Friday, February 26, 2010

Qalandia Checkpoint

So. What happened at Qalandia Checkpoint yesterday:

We got there at around 11.30 am, with plans to spend the day shopping in Jerusalem. The sky was gray, the air chilly and we could perhaps have picked a better day for shopping, but nevertheless our spirits were high.

We parked (because we can't drive with a West Bank-registered car through Qalandia checkpoint), walked over towards the entrance that leads into this huge metal construction with corrugated tin roof and walls, and got in line. There were perhaps 50 or 70 people in front of us, plus another 60 or so already inside, past the first set of turnstiles--much like on any given day at around noon (in the mornings and afternoons it's much, much more crowded of course).

But before I go into what followed, let me tell you about Qalandia checkpoint. It is one of the 39 military checkpoints set up by Israel between the occupied West Bank on the one hand, and Israel and occupied East Jerusalem on the other. It is different from the  about 60 permanent checkpoints inside the occupied West Bank that we have to cross whenever we pass from one West Bank city to another (or as in Hebron: from one street to another). These checkpoints are generally "drive-thru" checkpoints that annoy and take time (and, above all, create traffic jams) but are normally relatively easy to pass through. A lot of the times these days, we don't even have to show our IDs.

Qalandia checkpoint was at first a checkpoint on the road between Ramallah and Jerusalem set up in 2000, much like these internal checkpoints, but it has gradually been built to resemble a border-crossing-meets-slaughterhouse-meets-prison type of checkpoint over the past years. Like I said, it's a huge metal construction, and on each side of checkpoint the Apartheid Wall towers up against the sky. There's nowhere to go but through it if you want to cross to Jerusalem.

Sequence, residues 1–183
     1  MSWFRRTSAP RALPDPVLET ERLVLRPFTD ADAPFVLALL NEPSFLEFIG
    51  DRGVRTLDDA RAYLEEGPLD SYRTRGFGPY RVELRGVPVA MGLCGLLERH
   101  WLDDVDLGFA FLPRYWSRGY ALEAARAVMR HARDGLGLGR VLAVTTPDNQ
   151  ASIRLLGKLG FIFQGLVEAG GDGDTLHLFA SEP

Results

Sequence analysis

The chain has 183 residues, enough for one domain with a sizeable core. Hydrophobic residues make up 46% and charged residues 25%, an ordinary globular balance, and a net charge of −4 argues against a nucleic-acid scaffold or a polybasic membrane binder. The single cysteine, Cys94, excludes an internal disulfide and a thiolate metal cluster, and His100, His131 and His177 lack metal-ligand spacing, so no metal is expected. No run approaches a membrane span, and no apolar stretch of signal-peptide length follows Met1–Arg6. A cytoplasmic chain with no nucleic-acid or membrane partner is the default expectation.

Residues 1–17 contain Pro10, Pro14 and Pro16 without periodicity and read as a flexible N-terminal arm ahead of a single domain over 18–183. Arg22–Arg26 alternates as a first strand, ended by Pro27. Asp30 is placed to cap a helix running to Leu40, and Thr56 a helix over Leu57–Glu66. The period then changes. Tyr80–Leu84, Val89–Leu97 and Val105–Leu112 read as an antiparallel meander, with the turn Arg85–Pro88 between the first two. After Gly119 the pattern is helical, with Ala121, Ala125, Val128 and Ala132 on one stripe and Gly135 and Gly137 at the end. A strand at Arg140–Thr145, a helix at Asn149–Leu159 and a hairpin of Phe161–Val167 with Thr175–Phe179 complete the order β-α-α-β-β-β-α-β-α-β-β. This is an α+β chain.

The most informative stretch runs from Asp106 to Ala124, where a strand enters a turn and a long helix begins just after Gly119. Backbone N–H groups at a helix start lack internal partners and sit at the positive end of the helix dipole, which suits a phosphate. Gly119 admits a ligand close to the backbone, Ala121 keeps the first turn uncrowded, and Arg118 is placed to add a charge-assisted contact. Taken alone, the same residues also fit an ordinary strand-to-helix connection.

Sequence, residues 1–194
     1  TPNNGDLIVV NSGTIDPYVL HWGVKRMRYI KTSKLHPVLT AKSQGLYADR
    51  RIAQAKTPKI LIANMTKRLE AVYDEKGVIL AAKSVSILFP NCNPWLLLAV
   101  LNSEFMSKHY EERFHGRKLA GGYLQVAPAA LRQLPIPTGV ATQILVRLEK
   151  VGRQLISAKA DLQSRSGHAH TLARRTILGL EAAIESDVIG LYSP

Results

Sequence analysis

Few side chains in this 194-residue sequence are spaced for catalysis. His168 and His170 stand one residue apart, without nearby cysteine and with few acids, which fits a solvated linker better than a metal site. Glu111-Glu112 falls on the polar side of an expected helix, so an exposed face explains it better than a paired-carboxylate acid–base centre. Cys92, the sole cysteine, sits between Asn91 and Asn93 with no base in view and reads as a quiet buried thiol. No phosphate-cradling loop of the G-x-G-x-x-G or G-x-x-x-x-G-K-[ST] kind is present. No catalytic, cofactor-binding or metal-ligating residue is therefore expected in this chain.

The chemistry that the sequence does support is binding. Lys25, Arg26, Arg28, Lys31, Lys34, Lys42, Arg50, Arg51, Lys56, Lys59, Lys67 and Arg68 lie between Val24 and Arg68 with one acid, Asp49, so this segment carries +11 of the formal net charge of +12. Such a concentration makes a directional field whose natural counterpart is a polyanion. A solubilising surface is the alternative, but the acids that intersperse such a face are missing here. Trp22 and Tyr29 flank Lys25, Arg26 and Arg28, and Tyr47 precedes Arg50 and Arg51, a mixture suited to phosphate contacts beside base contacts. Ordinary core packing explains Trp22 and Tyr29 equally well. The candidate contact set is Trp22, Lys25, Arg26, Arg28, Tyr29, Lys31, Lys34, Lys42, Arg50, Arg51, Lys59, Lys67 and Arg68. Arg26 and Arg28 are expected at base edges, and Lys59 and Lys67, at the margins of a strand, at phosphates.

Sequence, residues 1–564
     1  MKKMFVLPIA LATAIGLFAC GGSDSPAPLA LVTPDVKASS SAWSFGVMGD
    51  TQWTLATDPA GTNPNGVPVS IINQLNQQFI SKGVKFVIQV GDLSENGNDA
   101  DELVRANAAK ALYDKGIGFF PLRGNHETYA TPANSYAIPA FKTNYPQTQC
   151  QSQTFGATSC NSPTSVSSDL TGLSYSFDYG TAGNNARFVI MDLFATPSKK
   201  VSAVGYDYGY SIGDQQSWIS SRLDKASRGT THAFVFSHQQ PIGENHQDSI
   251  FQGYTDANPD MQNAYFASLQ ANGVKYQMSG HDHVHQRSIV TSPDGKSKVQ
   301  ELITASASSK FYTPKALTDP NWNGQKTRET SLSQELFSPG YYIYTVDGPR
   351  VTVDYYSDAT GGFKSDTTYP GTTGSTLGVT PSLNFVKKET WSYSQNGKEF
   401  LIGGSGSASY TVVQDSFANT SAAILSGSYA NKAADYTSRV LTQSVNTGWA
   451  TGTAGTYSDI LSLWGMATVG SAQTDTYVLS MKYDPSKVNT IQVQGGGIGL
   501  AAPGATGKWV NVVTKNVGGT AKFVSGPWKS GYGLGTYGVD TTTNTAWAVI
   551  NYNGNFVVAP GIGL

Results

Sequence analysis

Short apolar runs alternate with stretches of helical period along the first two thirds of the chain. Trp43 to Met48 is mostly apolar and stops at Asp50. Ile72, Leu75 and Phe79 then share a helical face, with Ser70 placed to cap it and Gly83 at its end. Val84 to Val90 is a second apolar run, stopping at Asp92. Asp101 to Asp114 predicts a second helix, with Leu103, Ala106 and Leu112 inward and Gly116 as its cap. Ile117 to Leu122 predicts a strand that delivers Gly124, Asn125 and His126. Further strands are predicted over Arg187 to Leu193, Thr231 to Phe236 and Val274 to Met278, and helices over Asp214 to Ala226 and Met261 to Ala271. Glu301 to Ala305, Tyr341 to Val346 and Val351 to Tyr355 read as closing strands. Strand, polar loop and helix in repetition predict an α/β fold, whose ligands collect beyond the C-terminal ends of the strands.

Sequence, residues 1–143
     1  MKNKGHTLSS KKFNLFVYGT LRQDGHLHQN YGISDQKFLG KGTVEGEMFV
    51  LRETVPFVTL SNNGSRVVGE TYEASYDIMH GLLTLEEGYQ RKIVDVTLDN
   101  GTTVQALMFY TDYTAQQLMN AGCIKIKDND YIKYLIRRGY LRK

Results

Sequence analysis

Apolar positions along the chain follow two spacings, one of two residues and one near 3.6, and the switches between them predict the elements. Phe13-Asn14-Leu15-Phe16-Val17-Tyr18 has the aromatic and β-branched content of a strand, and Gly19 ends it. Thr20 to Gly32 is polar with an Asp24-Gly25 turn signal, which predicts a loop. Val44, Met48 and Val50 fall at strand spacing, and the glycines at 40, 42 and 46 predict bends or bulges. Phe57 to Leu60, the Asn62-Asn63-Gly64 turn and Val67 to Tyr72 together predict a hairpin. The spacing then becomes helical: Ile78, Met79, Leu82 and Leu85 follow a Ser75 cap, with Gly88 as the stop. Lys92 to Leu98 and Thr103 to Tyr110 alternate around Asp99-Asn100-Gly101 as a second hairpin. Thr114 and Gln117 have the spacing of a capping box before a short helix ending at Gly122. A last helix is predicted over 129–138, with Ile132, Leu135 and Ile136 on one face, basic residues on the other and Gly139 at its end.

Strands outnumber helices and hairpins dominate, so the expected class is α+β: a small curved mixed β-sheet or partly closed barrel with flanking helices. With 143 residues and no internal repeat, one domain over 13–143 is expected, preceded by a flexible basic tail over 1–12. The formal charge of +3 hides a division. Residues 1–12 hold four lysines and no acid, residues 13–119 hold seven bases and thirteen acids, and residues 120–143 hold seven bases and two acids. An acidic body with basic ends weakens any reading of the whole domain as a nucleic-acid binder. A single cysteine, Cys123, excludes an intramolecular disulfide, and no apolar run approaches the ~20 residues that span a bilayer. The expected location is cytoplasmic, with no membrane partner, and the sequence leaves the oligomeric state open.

Of course, the absolute majority can't cross to Jerusalem. I can, because I have an international passport. My boyfriend can, because he has a temporary permit issued by Israel to cross over for work purposes.

Once you're inside the corrugated metal building, you have to stand in line in a narrow cage-like passage with metal bars on either side and above your head and wait for the Israeli soldiers to let you through the first 2 meter high turnstile, in small groups of ten or so. There are three passages, but normally only one is in use:

Waiting in Line at Qalandia Checkpoint

Then you have to go stand in line again, at one of five passages (of which usually one or maximum two are open at the same time). This passing takes time, because the Israeli soldiers behind their bomb proof glass only let two or three pass  through the next 2 meter tall turnstile at a time. 

(I would show you pictures, but it's forbidden to take pictures inside the checkpoint (the one above was taken by Tarek with his spy camera (read: cell phone)). But check out the picture slide on this Washington Post article about Qalandia, by Ben Hubbard).